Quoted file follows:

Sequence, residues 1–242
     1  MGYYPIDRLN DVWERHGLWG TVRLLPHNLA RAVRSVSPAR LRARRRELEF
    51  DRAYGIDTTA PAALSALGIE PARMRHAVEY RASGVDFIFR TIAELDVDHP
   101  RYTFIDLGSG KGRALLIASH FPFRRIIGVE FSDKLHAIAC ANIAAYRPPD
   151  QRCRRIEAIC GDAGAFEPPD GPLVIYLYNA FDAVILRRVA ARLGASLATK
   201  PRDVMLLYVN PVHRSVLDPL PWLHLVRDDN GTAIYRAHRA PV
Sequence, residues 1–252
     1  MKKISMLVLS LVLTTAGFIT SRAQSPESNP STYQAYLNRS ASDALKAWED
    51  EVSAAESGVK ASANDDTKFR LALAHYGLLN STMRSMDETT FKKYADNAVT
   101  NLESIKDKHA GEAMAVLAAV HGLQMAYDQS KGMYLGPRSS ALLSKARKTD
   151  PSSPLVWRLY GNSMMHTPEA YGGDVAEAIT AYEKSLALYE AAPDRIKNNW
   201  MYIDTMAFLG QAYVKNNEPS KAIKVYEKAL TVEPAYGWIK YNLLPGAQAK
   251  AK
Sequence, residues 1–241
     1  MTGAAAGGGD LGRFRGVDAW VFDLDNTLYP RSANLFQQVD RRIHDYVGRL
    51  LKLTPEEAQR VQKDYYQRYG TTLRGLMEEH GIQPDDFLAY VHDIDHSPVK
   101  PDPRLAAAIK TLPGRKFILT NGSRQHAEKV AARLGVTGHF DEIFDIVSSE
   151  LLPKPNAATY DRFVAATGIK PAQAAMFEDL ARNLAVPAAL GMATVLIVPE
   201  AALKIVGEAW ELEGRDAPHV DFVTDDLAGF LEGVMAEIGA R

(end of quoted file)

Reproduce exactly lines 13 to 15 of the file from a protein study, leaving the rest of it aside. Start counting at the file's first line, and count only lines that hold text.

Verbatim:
   251  AK
Sequence, residues 1–241
     1  MTGAAAGGGD LGRFRGVDAW VFDLDNTLYP RSANLFQQVD RRIHDYVGRL